1. Land lines and cell phones are for being put to effective use for the good of all and not meant exclusively for the holders. Ignoring incoming call at lunch or dinner time, in my humble opinion, is not any valid ‘principle’ to be adhered to too strictly. After all, at the odd hour of 930pm only someone close will have called for an emergency. Switching off the cell at any particular time is a NO-NO as far as I’m concerned.
    2. My wife and I don’t hold any mobiles, not that we cannot afford them. We believe they are simply status symbols. Seeing people with earphones talking at any time of the day or night makes me wonder what these people did before the advent of 2G!
    3. It is simply because we’re allergic to them. We are no docs or cops who need to be contacted for emergencies. We’ve not missed not having them.
    4. Though many friends wanted to ‘gift’ – not ‘donate’ the best one in town, we’ve said a firm “NO”.
    5. I simply hate people – mostly those in public service – not responding to calls after establishing the customer ID and even not calling back on a missed call and keeping their instrument switched off.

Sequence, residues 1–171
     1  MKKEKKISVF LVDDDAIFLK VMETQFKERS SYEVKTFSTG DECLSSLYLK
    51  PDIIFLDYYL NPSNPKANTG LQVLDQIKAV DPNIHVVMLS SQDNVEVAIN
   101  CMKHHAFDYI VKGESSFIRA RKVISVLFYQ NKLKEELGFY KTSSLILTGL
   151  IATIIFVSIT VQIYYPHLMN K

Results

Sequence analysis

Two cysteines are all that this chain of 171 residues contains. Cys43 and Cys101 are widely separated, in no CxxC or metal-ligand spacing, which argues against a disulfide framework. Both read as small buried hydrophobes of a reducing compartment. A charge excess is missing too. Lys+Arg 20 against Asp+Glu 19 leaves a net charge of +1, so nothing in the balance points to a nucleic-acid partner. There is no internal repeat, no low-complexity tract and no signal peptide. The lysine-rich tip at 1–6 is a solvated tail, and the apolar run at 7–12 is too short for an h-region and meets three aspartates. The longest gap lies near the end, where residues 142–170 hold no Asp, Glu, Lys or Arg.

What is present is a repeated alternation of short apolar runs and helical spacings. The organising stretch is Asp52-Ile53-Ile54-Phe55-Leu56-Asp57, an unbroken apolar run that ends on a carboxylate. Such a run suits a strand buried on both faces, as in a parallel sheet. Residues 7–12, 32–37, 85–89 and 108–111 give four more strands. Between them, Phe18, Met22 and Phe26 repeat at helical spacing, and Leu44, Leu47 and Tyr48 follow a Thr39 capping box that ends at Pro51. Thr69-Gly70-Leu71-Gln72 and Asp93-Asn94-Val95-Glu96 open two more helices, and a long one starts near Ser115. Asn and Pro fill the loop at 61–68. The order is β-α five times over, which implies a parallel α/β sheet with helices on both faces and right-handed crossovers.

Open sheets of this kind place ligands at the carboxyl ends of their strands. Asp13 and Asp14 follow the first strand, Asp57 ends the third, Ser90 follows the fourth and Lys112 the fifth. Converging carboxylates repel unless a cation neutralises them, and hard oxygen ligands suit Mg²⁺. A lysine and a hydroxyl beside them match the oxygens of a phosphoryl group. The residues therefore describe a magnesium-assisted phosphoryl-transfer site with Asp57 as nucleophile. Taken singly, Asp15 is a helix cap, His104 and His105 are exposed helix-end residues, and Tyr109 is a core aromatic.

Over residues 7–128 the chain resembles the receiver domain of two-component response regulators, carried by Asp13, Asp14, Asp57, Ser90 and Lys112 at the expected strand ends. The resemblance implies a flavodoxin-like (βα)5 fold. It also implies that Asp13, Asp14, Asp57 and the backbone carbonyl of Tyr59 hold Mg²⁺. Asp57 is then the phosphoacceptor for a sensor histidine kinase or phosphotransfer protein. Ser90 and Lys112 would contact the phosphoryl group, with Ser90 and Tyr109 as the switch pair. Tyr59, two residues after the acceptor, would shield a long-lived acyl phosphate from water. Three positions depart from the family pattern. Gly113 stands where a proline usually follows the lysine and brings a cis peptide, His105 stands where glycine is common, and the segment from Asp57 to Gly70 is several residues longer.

6. I, as the caller at this end, consider these acts extremely rude and discourteous, to say the least. The least that they can do it to keep it on the silent mode during events and meetings.
    7. I simply hate hearing a mobile not kept in the silent mode at music sessions or ring at important meetings. It is extremely irritating.

  2. It’s a good thing that it worked out in their favor.

    I can understand not answering calls during dinner/family time. I can even understand obeying traffic rules. It may be tough for many to accept it on account of they saying that no one is there to catch you when you don’t follow rules.

    However, as long as there was enough fuel to come back, I don’t see why he had to stop at the fuel pump. It could very well have turned out in making a big loss to the girl and the family.

    Nice and simple story, enjoyed 😀